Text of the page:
WGSS 370

Topics in Women's Studies

An interdisciplinary exploration of a particular theme, area or period, with respect to issues of women and gender.

Distribution Area Prerequisites Credits
1/2-1 course

Fall Semester information

Deborah Geis

370A: Tps:Playwright Suzan-Lori Parks

Suzan-Lori Parks, the first African American woman playwright to win the Pulitzer Prize in drama, is a fresh, challenging, and always surprising contemporary voice in the theater. This course examines her significant collection of plays, beginning with her early dramatic experiments like Pickling and Imperceptible Mutabilities of the Third Kingdom, continuing to her "Abraham Lincoln" works (including The America Play and the Pulitzer-winning Topdog/Underdog), and culminating in her most recent theatrical projects such as 365 Plays. We'll also look at her other projects, including screenplays, fiction, and music. Since this is an "S" course, students should expect to participate actively and to give a series of oral presentations.

Spring Semester information

Leigh-Anne Goins

370A: Tps:Internet

Although the Internet is a relatively new phenomenon it influences our everyday interactions, perceptions and engagements with the world around us. We get our news, check our social media accounts, learn about others, and maintain relationships from the 'safety' of our tablets, computers, and phones. But the Internet and our engagements are more than these interactions, and are not always 'safe.' Through this course, students will examine how our lives 'offline' influence our interactions and lives 'online.' We will focus on the ways different social positionalities (e.g. class, sexuality, race) influence engagement, access, and safety.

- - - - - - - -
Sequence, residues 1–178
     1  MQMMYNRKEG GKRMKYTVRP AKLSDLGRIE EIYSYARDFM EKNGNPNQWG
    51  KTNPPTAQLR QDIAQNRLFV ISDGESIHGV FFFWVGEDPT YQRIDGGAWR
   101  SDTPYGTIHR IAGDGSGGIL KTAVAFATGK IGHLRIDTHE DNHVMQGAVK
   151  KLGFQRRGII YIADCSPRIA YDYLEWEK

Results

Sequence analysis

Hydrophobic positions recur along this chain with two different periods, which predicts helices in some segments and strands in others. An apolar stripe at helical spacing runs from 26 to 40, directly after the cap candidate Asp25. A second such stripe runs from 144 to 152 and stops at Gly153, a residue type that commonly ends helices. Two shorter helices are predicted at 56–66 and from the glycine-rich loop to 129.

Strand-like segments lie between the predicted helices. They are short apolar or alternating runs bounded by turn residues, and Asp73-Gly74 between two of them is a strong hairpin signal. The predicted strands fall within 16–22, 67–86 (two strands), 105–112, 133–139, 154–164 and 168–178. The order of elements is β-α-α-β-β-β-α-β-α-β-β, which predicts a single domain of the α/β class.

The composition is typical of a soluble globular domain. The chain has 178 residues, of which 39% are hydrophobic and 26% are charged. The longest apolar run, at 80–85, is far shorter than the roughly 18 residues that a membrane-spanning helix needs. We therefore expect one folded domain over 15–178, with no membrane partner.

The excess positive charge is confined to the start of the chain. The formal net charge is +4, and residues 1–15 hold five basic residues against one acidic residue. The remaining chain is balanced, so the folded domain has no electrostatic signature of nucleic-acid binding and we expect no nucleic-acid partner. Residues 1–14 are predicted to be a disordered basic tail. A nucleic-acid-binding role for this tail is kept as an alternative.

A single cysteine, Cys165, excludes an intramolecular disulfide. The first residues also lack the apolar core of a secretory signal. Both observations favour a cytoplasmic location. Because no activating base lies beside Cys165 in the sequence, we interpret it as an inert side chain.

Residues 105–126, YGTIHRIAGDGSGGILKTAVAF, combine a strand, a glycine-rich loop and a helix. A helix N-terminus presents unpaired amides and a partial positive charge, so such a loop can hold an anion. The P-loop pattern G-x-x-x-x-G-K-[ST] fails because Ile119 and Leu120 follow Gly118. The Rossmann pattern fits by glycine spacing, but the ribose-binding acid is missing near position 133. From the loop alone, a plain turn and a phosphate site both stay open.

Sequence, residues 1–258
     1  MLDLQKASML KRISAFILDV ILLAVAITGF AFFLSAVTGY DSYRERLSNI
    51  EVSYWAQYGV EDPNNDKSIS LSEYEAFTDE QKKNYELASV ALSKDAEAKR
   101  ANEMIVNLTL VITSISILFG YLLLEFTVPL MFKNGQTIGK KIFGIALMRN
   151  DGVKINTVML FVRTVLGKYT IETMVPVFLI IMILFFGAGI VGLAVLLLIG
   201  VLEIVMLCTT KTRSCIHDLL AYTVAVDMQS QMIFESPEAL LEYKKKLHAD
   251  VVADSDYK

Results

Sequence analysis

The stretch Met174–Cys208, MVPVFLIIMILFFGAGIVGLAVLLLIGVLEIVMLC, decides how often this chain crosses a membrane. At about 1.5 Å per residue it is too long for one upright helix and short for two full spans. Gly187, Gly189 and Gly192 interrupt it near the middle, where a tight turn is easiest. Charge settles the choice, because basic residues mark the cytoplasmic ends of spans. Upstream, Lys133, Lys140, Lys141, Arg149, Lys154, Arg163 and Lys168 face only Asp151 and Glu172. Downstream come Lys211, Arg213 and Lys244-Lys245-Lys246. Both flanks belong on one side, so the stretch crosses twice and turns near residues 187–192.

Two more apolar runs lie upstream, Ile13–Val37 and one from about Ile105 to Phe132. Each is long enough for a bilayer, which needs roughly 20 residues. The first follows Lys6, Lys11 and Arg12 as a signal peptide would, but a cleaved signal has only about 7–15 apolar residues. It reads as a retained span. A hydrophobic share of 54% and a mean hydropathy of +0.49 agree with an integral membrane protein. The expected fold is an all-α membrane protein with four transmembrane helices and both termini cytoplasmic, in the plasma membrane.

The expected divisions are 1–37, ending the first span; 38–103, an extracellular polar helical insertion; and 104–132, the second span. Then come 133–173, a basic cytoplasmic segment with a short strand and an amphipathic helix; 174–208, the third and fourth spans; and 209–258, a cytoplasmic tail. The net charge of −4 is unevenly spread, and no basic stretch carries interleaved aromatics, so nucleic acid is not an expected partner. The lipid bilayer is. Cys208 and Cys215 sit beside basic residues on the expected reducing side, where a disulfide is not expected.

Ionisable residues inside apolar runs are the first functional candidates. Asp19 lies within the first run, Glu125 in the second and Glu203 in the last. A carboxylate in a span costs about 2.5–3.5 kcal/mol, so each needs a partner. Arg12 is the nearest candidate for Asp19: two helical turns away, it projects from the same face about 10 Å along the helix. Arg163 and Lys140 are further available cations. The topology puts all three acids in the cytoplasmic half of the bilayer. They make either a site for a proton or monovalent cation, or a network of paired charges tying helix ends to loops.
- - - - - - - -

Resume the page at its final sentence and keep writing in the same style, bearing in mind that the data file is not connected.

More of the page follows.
Women and the Internet, focuses on the history and construction of the Internet. We will examine the tech side, or 'behind the scenes' aspects of the Internet. We will examine the ways we engage with, challenge, and recreate 'online' spaces. Through this course, we will focus on the construction of and consistent production of content surrounding women's bodies. Within the course, though we attend to the structural components of gender and its influence on social interactions and inclusion/exclusion, we expand the term beyond biology. Though the main focus of the course surrounds women, we will discuss men (again gender, not biology) and their influence on women's interactions both in technology (production) and engagement (interaction and consumption).

Leigh-Anne Goins

370B: Tps:Black Feminisms

This course takes and interdisciplinary lens -drawing on the disciplines of Black studies, Women's studies, History, Sociology, Anthropology and Literary studies- to offer an in-depth examination of Black women's experiences of race, gender, sexuality, class, and identity through the lenses of Black feminisms and Black feminist theories. Although the majority of the course will focus on Black feminist writings and theorizations in the context of the United States, we will incorporate narratives and theorizations throughout the diaspora.

Through theory, social analysis, and careful and compassionate societal critique, we will begin to chart Black feminisms history and discuss the radical potential it provides for our future. We will focus on historical and contemporary macro and micro issues (e.g., culture, the body, family, work) that laid the groundwork for the construction of Black feminisms and provides fertile ground for the ever-evolving, changing, and queering of Black feminisms and Black feminist theorizing. As we live in a largely digital age, we will incorporate and deconstruct the role and impact of digital engagement on Black feminist theorizing and Black feminisms. Through assignments and in-class discussions, you will begin to understand the vast, disparate, and yet shared experience(s) of Black feminists, Black feminist thought, and Black feminist theorizing in the United States and globally.

Christina Holmes

370C: Tps: Chicana Feminisms

This class addresses Mexican-American women's political mobilizations and social theories from the colonial era to the present. While the course centers the philosophies, art, and literature of Mexican-American women and self-identified Chicanas, students are encouraged to develop comparative perspectives on the intersections of Chicana feminisms with the decolonial work of women across Latin America the Caribbean, and to make connections between Chicana feminisms and other streams of feminism across the U.S.